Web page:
Over the weekend I have kept watch on this potential storm and ideas remain scattered. Given the timeframe here and watching how this is unfolding, it is important for me to say a few things about it. For the prayer warriors out there seeking some sort of drought relief I would suggest you keep up the petition. As I mentioned in my previous update, I mentioned that Lucy could steal the football away from Charlie Brown, and for now, that is what appears for Portland-Fryeburg south. There is still time for changes on that, but I am not bullish on the possibility of a solid rain event there as of Monday morning.
Best chance for beneficial rain for the east and north
With the trough digging in and an upper-level low forming, the question all along here is where and when a surface low would develop and where would it track. The consensus over the weekend was a more easterly development, and that general idea continues, but there are outliers that are pitching the idea of storm generation closer to the benchmark (40° N / 70° W) south of Nantucket. That would be the best-case scenario for southern areas to get into the game. Most ideas are to the southeast of that, which takes southern Maine out of the mix.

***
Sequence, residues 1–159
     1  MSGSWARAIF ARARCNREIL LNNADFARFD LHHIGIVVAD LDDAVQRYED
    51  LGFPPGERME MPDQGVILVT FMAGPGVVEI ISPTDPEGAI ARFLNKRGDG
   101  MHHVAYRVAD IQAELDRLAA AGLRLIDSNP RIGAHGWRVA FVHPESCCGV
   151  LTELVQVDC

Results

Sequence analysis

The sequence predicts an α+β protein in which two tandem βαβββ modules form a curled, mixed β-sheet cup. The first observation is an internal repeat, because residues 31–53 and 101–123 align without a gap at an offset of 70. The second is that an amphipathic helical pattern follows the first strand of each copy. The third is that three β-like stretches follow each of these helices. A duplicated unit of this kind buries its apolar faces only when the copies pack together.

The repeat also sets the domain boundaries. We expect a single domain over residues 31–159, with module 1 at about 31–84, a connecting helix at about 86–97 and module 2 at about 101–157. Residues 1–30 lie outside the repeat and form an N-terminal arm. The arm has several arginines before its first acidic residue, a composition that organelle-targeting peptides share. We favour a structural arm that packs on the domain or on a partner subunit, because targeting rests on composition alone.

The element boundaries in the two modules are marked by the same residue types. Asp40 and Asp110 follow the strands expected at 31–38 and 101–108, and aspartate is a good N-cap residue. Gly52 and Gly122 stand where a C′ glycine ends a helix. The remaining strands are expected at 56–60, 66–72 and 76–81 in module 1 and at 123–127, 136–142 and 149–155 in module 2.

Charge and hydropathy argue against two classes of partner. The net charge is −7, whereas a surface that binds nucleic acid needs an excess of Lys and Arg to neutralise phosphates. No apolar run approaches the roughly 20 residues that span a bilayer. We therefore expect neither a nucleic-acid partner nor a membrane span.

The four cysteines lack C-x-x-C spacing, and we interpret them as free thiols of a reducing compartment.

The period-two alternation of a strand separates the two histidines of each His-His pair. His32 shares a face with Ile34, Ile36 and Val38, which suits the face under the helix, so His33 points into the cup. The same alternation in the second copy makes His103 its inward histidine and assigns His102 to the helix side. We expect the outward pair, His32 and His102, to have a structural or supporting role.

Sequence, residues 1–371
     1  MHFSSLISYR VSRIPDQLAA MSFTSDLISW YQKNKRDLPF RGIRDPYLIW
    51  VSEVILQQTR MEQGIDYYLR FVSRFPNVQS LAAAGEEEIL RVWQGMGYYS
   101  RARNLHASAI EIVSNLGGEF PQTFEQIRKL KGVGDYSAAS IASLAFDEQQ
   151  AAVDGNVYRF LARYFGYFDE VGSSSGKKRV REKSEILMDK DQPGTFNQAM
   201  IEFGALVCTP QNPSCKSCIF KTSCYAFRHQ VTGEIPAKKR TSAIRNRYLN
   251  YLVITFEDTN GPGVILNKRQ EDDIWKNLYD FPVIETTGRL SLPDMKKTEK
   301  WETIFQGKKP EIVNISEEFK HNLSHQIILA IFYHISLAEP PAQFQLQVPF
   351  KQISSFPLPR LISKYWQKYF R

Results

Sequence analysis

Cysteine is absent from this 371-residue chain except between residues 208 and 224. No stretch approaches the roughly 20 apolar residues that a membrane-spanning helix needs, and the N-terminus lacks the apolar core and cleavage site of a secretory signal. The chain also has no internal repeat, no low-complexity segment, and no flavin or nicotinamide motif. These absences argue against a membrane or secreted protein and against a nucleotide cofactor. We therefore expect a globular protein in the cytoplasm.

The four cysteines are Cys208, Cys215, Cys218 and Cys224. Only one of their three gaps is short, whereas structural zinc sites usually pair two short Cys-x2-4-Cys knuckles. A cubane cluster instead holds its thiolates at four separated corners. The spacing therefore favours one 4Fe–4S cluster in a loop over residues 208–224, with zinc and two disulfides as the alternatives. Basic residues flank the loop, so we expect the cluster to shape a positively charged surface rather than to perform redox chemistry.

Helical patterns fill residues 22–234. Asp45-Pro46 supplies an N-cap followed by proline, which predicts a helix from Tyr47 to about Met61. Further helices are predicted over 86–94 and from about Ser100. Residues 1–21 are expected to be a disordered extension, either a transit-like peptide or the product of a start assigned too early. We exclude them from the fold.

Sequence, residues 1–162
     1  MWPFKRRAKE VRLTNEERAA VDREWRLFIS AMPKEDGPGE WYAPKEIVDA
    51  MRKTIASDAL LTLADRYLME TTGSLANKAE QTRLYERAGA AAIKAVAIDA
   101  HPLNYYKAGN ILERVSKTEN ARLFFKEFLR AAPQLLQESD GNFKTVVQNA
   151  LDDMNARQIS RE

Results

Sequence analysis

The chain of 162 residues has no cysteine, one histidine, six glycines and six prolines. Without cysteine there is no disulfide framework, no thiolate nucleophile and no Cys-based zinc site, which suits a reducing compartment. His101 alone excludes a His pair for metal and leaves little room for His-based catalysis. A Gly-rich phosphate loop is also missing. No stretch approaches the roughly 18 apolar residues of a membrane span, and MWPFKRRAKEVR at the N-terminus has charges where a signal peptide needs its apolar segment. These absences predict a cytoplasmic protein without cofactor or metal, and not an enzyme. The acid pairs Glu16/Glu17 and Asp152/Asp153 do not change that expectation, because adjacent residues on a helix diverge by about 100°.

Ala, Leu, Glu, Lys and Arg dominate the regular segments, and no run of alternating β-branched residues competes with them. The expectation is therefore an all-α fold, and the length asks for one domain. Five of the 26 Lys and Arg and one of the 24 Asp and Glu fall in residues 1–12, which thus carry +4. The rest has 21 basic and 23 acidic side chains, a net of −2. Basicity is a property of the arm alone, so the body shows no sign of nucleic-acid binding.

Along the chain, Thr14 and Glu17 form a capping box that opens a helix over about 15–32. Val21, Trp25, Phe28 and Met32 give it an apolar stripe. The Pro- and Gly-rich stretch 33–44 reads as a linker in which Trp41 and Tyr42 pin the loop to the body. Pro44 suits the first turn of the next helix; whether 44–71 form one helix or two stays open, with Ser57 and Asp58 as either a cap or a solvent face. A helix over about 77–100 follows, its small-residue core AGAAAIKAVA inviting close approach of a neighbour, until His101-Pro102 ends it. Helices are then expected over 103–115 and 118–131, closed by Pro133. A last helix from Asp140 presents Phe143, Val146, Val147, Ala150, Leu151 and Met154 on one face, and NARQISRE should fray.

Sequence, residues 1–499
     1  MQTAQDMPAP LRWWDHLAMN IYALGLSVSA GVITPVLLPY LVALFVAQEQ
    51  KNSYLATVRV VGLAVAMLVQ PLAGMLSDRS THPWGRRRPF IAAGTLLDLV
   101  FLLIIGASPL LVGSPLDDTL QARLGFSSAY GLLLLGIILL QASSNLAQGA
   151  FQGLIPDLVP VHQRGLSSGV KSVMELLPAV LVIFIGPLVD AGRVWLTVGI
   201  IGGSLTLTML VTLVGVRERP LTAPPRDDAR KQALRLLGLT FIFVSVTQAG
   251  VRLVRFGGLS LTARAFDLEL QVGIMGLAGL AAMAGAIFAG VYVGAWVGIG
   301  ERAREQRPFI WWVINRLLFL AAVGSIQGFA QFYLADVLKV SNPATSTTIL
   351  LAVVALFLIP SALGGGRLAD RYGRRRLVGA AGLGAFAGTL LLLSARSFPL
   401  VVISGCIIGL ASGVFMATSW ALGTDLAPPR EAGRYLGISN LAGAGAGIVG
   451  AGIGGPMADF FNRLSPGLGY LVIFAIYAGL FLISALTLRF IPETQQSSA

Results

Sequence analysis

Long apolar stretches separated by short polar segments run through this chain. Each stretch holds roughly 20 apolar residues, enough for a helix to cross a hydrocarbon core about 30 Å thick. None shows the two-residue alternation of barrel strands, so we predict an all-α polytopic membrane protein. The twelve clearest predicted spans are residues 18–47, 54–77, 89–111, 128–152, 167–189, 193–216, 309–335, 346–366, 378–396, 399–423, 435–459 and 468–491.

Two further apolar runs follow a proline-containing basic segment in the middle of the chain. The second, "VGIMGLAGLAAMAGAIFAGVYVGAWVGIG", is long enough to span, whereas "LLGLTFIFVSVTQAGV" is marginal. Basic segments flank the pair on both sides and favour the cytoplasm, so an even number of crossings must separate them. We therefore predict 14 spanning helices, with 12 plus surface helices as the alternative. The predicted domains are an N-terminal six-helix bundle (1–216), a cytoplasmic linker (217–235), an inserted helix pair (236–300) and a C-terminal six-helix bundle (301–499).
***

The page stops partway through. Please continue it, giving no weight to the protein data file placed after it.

The general idea is that once the storm forms, it retrogrades north over Nova Scotia and into New Brunswick and could bring a solid rain event for eastern and northern areas. If the upper-low gets organized early and spins the surface low up earlier, that shifts higher amounts to west, but that is on the low end of probability at this point. The big question mark is for MidCoast and the Capital District of the state where I think the bust or boom line resides with a 50/50 chance of going to 1"+ or ± ½".
While this storm has NorEaster characteristics, I do not expect a strong storm here. Models are consistent with a pressure level around 1005mb which may bring wind gusts to 30ish mph along the coast, stir the ocean up enough to cool it off a bit, and may set up a rip current risk.
Timing is still to be ironed out here, but it appears that coastal areas see rain break out Wednesday morning, continuing northward into Wednesday night, when most of the rain falls, Rain tapers off on Thursday from southwest to northeast as the storm heads for the Gulf of St. Lawrence.
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NEXT UPDATE: TUESDAY AFTERNOON
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